I had always considered this woman, my mother, as the enemy. She was sure to misunderstand anything I did, and the time came when I thought she not only misunderstood me, but quite definitely disapproved of me. I was an only child, but for her I was one too many.
She hated my father, and even after he died she continued to hate him.
She would say, “Go ahead and do what you doing. You is your father child, you hear, not mine.”
The real split between my mother and me happened not in Miguel Street, but in the country.
My mother had decided to leave. my father, and she wanted to take me to her mother.
I refused to go.
My father was ill, and in bed. Besides, he had promised that if I stayed with him I was to have a whole box of crayons.
I chose the crayons and my father.
We were living at the time in Cunupia, where my father was a driver on the sugar estates. He wasn’t a slave-driver, but a driver of free people, but my father used to behave as though the people were slaves. He rode about the estates on a big clumsy brown horse, cracking his whip at the labourers and people said—I really don't believe this—that he used to kick the labourers.
I don’t believe it because my father had lived all his life in Cunupia and he knew that you really couldn't push the Cunupia people around. They are not tough people, but they think nothing of killing, and they are prepared to wait years for the chance to kill someone they don’t like.
Everybody agreed on one thing. My mother and I had to leave the country. Port-of-Spain was the safest place. There was too a lot of laughter against my father, and it appeared that for the rest of my life I would have to bear the cross of a father who died from fright. But in a month or so I had forgotten my father, and I had begun to look upon myself as the boy who had no father. It seemed natural.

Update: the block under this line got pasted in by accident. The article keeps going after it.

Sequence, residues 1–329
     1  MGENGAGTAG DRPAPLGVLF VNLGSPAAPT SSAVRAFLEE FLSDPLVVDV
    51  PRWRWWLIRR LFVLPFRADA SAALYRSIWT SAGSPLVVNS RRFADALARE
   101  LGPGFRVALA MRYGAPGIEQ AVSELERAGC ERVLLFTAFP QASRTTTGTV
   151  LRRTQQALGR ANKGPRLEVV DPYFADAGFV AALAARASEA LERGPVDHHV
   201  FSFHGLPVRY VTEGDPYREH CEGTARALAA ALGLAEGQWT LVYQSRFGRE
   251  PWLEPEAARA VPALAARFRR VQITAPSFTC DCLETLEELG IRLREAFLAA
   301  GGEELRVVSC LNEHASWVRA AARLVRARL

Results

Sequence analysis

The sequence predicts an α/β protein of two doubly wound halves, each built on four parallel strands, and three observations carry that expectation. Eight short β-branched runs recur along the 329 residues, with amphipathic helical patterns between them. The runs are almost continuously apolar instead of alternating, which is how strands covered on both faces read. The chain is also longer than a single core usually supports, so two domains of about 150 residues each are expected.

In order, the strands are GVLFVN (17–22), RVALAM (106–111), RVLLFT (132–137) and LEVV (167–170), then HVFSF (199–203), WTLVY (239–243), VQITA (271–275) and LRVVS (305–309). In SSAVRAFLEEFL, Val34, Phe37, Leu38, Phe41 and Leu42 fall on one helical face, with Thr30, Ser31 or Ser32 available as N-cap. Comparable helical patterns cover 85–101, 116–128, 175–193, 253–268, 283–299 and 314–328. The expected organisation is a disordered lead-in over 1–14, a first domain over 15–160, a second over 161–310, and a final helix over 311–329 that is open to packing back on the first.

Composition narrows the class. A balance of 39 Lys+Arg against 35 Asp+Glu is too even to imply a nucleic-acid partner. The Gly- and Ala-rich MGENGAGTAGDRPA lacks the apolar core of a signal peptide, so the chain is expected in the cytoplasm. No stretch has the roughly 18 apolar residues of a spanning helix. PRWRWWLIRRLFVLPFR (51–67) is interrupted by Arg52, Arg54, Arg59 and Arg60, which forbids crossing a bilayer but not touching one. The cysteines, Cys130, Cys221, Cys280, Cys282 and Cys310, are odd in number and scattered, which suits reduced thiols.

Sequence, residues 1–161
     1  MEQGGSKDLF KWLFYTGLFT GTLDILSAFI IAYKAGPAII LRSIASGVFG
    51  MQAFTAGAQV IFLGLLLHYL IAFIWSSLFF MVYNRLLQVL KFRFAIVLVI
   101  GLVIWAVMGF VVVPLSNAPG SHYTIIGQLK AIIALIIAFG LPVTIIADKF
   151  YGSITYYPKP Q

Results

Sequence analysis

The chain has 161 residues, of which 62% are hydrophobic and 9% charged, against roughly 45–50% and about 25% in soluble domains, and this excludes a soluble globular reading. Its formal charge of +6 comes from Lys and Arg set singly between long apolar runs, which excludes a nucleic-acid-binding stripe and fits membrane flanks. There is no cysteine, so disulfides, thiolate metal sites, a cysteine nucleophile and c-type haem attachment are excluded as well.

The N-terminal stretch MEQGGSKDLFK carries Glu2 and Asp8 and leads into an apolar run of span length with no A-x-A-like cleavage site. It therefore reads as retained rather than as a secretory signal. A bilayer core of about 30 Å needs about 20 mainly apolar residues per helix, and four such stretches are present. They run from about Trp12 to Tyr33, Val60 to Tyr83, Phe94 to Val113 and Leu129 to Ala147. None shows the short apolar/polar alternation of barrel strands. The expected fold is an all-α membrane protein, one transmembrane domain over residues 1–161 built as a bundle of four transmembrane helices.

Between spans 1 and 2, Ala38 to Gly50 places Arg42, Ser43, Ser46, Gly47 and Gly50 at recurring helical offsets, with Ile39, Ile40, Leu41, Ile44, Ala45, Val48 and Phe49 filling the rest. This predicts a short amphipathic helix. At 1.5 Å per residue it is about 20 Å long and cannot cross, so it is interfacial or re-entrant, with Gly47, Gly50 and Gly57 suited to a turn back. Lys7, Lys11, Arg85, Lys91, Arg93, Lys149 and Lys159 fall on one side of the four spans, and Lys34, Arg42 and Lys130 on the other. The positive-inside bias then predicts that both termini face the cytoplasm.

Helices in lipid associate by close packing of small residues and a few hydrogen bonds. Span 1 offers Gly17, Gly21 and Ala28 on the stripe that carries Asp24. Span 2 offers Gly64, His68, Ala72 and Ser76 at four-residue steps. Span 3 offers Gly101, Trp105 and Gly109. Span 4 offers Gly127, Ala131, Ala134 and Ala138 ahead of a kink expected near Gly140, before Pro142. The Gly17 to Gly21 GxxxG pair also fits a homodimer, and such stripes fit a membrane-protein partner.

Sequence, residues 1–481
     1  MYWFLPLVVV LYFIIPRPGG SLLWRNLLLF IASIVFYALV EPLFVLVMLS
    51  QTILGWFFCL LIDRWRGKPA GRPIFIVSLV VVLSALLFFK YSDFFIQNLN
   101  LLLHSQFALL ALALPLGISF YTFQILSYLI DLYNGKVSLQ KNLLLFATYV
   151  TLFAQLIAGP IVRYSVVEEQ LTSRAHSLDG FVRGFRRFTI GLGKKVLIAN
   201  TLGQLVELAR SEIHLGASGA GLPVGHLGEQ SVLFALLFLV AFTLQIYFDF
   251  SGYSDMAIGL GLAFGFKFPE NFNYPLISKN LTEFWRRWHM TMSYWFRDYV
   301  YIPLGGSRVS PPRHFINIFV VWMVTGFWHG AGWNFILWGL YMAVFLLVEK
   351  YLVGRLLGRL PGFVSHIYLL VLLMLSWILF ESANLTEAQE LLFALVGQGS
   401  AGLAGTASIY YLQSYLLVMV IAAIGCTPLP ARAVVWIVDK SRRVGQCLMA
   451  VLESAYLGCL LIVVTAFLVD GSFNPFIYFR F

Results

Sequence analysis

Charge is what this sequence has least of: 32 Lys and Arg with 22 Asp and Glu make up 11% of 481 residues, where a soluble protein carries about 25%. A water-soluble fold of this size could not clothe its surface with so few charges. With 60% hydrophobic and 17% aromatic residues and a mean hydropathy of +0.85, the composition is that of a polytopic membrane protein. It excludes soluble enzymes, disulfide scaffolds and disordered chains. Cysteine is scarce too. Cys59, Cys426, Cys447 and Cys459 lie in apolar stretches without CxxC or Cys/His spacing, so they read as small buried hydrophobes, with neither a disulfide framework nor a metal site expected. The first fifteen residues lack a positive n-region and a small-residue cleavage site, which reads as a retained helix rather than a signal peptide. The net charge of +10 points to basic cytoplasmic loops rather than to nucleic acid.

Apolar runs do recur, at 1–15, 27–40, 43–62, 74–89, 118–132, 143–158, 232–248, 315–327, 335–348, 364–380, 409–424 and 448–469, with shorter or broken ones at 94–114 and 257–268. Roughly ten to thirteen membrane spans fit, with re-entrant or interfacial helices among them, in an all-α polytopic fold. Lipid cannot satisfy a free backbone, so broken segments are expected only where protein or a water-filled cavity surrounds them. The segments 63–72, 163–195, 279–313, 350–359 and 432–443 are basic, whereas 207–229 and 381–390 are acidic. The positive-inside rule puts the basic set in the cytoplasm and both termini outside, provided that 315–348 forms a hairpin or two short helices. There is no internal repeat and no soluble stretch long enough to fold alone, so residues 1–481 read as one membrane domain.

In fact, when we moved to Port-of-Spain and I saw what the normal relationship between father and son was—it was nothing more than the relationship between the beater and the beaten—when I saw this I was grateful.
My mother made a great thing at first about keeping me in my place and knocking out all the nonsense my father had taught me. I don’t know why she didn’t try harder, but the fact is that she soon lost interest in me, and she let me run about the street, only rushing down to beat me from time to time.
But you mustn’t get the impression that I was a saint all the time. I wasn’t. I used to have odd fits where I just couldn’t take an order from anybody, particularly my mother. I used to feel that I would dishonour myself for life if I took anybody’s orders. And life is a funny thing, really. I sometimes got these fits just when my mother was anxious to be nice to me.
Slowly the friendliness died away. It had become a struggle between two wills. I was prepared to drown rather than dishonour myself by obeying.
At times like these I used to cry, without meaning it, “If my father was alive you wouldn’t be behaving like this.”
So she remained the enemy. She was someone from whom I was going to escape as soon as I grew big enough. That was, in fact, the main lure of adulthood.
My mother came and I could see her eyes glassy and wet with tears.
Somebody, I cannot remember who, said, “Boy, you had your mother really worried.”
I looked at her tears, and I felt I was going to cry too. I had discovered that she could be worried and anxious for me.
I wished I were a Hindu god at that moment, with two hundred arms, so that all two hundred could be broken, just to enjoy that moment, and to see again my mother’s tears.